Dr. Hisham Abdelbaki FIN 22117 Example: Assume BNB has: Demand deposits = $ 5000, Reserve requirement = 20%. The bank is fully loaned up and therefore has no excess reserves i.e. ER=0. Citibank’s T-account looks as follows: Reserves 1000 Demand Deposits 5000 Loans 4000 Now: The Fed decides to reduce reserve requirement on demand deposits from 20% to 10%.What happens then? First step: The new requirement lowers the amount of reserves to $500 and increase the ER by $500. That is: RR = 10% X $5000 = $500 ER = $1000-$500 = $500
Dr. Hisham Abdelbaki FIN 22118 Reserves 1000 Demand Deposits 5000 RR 500 ER 500 Loans 4000 Second step: What Citibank will do with the $500 ER? Hold it at the Fed (No Profits) Make loans and expand deposits to the point where all of the excess reserves are again absorbed as RR. The T-account of Citibank will look as follows:
Dr. Hisham Abdelbaki FIN 22119 Reserves 1000 Demand Deposits 10000 RR 1000 ER 0 Loans 9000 At RRR (k) = 10%, the bank can support 10,000 of deposits (DEP = RR / k = 1000 / 10% = 10,000). The CB expands the amount of bank deposits by lowering reserve requirements on deposits. Similarly, when the Fed increases the reserve requirements,the banking system will contract the amount of bank deposits and hence decrease the money supply.
Comparing the Monetary Tools The CB does not use all three tools to conduct monetary policy on a regular basis Each tool plays a different and important role In the CB monetary arsenal. Advantages of OMO : -Can be done easily almost instantaneously with no announcement effect. -Any changes in the money supply can be easily reversed without an announcement effect. Dr. Hisham Abdelbaki FIN 22120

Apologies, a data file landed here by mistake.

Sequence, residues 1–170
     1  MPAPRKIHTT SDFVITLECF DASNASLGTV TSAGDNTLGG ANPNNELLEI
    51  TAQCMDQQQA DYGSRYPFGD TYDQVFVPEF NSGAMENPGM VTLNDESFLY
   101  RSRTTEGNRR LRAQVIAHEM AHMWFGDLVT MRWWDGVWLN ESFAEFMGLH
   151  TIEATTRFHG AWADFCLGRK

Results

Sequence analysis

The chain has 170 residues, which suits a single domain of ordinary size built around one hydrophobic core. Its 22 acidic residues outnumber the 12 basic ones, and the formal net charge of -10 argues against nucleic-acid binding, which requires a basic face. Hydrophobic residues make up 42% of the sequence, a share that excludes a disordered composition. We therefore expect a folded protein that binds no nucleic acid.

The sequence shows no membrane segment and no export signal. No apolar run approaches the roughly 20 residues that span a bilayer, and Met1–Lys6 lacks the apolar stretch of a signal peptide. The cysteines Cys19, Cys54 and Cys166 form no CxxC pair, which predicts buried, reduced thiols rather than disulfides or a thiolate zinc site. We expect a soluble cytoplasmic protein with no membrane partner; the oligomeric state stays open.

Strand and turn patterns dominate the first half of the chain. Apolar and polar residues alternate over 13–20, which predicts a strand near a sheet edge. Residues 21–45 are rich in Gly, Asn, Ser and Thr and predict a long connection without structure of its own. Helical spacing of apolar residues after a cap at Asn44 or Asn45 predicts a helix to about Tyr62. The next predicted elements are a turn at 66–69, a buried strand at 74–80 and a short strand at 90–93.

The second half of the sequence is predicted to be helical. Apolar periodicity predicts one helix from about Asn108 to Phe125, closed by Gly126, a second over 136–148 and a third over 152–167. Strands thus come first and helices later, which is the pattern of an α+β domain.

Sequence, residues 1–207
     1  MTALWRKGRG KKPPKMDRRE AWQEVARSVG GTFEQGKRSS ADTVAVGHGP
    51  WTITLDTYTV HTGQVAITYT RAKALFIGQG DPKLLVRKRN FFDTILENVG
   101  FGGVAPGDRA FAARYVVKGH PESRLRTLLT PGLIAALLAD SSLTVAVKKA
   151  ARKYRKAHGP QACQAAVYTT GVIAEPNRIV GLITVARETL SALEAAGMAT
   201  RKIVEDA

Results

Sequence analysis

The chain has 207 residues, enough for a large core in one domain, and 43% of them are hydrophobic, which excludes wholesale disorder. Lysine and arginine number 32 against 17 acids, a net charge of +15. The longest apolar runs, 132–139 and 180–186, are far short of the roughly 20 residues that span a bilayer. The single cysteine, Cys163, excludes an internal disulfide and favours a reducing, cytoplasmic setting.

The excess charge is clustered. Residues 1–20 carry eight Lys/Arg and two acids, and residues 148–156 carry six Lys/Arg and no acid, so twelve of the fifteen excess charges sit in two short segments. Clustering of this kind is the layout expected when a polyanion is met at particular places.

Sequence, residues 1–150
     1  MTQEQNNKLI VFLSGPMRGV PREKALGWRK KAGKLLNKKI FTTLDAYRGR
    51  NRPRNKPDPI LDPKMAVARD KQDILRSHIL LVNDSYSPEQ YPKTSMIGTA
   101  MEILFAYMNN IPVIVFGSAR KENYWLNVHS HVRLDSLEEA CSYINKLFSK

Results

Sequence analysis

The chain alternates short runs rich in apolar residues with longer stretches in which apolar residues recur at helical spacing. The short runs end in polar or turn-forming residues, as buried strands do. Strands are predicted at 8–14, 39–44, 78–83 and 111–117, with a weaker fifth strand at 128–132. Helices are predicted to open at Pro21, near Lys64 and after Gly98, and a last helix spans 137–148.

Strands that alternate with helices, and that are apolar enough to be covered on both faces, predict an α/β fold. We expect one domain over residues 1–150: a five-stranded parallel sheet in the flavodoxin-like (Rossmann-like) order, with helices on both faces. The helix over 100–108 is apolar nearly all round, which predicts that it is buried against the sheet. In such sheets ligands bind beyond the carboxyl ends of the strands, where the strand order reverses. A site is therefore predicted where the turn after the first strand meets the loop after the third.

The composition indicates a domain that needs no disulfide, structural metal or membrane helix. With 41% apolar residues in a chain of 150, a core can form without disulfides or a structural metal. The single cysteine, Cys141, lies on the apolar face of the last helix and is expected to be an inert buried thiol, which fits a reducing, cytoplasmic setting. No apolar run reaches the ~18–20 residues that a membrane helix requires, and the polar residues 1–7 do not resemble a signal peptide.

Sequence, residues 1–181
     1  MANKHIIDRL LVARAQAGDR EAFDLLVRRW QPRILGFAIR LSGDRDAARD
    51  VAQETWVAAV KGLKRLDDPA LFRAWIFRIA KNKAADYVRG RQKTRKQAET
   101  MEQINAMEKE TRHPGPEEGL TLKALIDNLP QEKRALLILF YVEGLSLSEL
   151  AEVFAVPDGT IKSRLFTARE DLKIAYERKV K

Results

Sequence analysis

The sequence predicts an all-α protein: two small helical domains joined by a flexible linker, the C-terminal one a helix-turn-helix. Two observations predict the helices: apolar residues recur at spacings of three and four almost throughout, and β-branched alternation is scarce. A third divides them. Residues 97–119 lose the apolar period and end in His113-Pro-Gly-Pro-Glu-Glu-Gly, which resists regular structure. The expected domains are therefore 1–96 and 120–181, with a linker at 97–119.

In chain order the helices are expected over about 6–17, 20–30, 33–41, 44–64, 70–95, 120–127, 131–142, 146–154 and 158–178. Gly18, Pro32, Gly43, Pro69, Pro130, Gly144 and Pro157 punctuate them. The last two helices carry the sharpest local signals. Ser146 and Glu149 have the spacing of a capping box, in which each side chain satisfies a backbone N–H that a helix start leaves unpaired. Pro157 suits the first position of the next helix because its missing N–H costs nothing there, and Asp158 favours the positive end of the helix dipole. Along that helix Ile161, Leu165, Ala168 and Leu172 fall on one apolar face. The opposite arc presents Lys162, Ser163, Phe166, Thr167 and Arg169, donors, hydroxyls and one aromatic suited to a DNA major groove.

Dr. Hisham Abdelbaki FIN 22121 Shortcomings of discount rate adjustment: Changes in the Discount rate will affect the money supply only if banks are willing to respond. Because the Fed scrutinizes borrowing at the discount window, banks may be reluctant to overuse this privilege. Borrowing under the discount window is short-term and it is difficult to gauge the impact on the money supply for a given change in the discount rate. As a practical matter, changing the discount rate is not a viable tool for conducting monetary policy.
Dr. Hisham Abdelbaki FIN 22122 Changes to reserve requirements : Changes in reserve requirements are not used as a tool of monetary policy.This is because it is difficult to make a number of small adjustments to reserve requirements and frequent changes are disruptive to the banking system. Changing reserve requirements is typically done to deal with structural problems in the banking system.
Dr. Hisham Abdelbaki FIN 22123 Summary : How tools of monetary policy affect the money supply Monetary policy toolIncrease in money supply Decrease in money supply OMOPurchasing T- securities in the market Selling T-securities in the market Adjusting the discount rate Fed lowers the interest rate Fed raises the interest rate Adjusting bank reserve requirement Fed lowers the reserve ratio to cause a higher money multiplier Fed raises the reserve ratio to cause a lower money multiplier